SPRINGER, Okla. (AP) -- Ron Thompson watered the grass outside his rural Carter County home Wednesday afternoon as a wildfire edged closer to his land.
"I'm retired from the fire department," he said, "so this is no big deal."
A big reason for Thompson's confidence flew overhead.
When four different fires sprang up in the area, the U.S. Forest Service fought back using a fleet of heavy tanker planes.
Three of the planes took off from a base established Tuesday at Ardmore Industrial Airpark and dropped thousands of gallons of fire retardant on the blazes, squelching them before they spread and making the job of firefighters on the ground much easier.
The heavy tanker planes have been effective weapons for firefighters, both in battling blazes in rural areas with little or no water access and in keeping fires in urban areas from threatening homes and lives.
Statewide, grass fires have killed two people, burned across 361,000 acres and destroyed more than 220 homes and businesses since Nov. 1. Oklahoma Agriculture Secretary Terry Peach said Thursday that his department will be sending about $2,100 to each of the state's nearly 875 rural departments. They were to get the money in June but the payment was speeded to help the departments defray costs of battling the rash of fires.
The state has been locked into a pattern of unseasonably warm, dry and windy weather that has parched the region and led to extreme fire danger in the region. The dry weather continued Thursday, with highs near 60 degrees and winds of up to 25 mph in many locations.
The heavy tankers can cover up to 1,000 yards of fire line with one drop, said Danny Kellogg, an aviation operations specialist for the U.S. Forest Service's Southern Region office in Atlanta.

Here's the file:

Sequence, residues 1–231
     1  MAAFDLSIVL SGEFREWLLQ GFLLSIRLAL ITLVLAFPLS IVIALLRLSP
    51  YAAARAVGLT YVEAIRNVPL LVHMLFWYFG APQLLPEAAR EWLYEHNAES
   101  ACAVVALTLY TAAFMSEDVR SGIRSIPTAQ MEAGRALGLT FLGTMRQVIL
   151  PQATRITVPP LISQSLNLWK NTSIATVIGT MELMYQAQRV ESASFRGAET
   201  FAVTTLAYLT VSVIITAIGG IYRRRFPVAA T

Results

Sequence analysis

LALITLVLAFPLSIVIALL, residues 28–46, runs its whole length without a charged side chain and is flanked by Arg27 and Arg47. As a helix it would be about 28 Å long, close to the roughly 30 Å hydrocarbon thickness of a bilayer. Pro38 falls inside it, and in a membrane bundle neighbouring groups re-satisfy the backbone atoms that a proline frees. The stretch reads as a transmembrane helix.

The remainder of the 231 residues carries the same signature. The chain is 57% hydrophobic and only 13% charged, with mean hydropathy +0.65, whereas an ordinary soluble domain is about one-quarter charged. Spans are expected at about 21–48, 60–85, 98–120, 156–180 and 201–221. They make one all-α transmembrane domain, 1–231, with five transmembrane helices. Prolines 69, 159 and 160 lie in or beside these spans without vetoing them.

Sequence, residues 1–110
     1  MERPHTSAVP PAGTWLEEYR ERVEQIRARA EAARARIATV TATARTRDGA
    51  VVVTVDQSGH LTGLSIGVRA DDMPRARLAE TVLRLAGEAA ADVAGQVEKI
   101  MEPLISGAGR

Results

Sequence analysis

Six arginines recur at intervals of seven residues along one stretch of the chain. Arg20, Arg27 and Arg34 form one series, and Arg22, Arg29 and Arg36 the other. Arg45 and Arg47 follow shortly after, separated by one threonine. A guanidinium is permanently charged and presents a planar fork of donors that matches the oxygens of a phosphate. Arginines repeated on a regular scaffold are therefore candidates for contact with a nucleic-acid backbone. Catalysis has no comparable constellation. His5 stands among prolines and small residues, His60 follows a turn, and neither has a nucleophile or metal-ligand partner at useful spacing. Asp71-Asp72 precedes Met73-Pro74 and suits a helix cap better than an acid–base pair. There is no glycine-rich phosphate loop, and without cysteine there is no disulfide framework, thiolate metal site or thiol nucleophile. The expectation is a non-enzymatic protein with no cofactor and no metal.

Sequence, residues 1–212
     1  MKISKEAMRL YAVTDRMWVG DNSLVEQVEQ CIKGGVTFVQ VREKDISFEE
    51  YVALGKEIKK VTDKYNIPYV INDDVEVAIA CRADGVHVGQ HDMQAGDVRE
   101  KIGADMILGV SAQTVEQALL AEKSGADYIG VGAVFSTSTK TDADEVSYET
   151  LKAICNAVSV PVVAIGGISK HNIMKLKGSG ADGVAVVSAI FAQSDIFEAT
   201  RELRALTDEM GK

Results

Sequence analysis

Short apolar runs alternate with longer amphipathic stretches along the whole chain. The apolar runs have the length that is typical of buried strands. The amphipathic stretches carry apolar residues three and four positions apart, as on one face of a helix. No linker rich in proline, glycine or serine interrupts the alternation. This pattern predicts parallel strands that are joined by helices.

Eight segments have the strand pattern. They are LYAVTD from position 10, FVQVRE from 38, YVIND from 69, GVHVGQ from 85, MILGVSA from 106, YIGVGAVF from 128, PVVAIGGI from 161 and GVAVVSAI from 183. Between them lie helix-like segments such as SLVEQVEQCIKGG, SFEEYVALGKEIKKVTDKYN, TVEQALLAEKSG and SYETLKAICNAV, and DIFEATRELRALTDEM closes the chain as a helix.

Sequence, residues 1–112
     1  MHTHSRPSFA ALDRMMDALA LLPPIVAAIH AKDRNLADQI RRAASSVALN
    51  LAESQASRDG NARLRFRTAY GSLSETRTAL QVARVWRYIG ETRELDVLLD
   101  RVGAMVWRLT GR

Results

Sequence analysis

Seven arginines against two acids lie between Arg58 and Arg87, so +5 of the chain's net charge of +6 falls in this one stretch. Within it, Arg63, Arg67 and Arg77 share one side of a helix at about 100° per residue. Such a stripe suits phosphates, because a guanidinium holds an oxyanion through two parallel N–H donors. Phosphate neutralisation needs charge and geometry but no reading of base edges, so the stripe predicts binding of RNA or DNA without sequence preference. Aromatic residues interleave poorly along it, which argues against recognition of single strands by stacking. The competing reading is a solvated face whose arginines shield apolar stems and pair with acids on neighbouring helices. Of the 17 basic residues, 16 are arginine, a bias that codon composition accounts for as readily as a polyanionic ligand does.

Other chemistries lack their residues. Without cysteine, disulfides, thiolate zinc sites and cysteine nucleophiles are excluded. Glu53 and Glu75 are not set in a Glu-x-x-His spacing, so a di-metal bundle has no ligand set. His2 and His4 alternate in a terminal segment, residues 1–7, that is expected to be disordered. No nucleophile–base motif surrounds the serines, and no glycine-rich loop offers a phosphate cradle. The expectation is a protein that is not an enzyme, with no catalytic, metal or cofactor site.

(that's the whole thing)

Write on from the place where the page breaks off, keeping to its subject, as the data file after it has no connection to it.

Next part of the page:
The planes can fly as low as 150 feet while dropping their loads, said Del Hunt of Helena, Mont., who's flown the heavy tankers for two decades.
"You want to get it right on in there," Hunt said. "It's an art laying those lines in there. You have to learn how to be able to read the smoke and the wind, because the wind pushes the smoke. It's a matter of staying parallel to the terrain at a specific height and putting down the right coverage level."
By Wednesday night, four heavy tanker planes were at the base in Ardmore, with four others remaining at Fort Smith, Ark., where the four at Ardmore had flown from previously.
At the Ardmore base, crews mix retardant powder with water and load the mixture onto the planes, which can carry between 2,250 gallons and 2,650 gallons, Kellogg said.
The retardant arrived at the Ardmore base Tuesday afternoon, and an hour later, the tankers took off to drop their load on a fire. Having an Ardmore base allows the tankers to better service Oklahoma and northeast Texas, Kellogg said.
"We're spread out enough so that both bases can serve a separate geographic area and provide quicker response," he said. "We're gearing up for the long haul."
On Wednesday across Oklahoma, about a dozen grass fires flared in dry, sunny conditions, but as they did in Carter County, firefighters were able to quickly knock down flames, state fire information officer C.J. Norvell said.
Statewide, grass fires have killed two people, burned across 353,000 acres and destroyed more than 220 homes and businesses since Nov. 1.
Wednesday evening, Gov. Brad Henry announced plans to expand the statewide burn ban -- in effect since Nov. 15 -- to prohibit campfires and outdoor charcoal grilling. The expanded ban, which will take effect Thursday, also includes stricture requirements on outdoor welding.
Highs were in the low 60s Wednesday in mostly sunny weather. Winds stayed under 20 mph in most areas. No rain was in sight. Forecasters predicted that Saturday could be a particularly dangerous day, with warm temperatures, low humidity and high winds expected.
"It's getting kind of ridiculous, actually," National Weather Service forecaster Bruce Thoren said. "It's one thing to be dry. It's another thing to be dry and have above-average temperatures like we've had the last two weeks."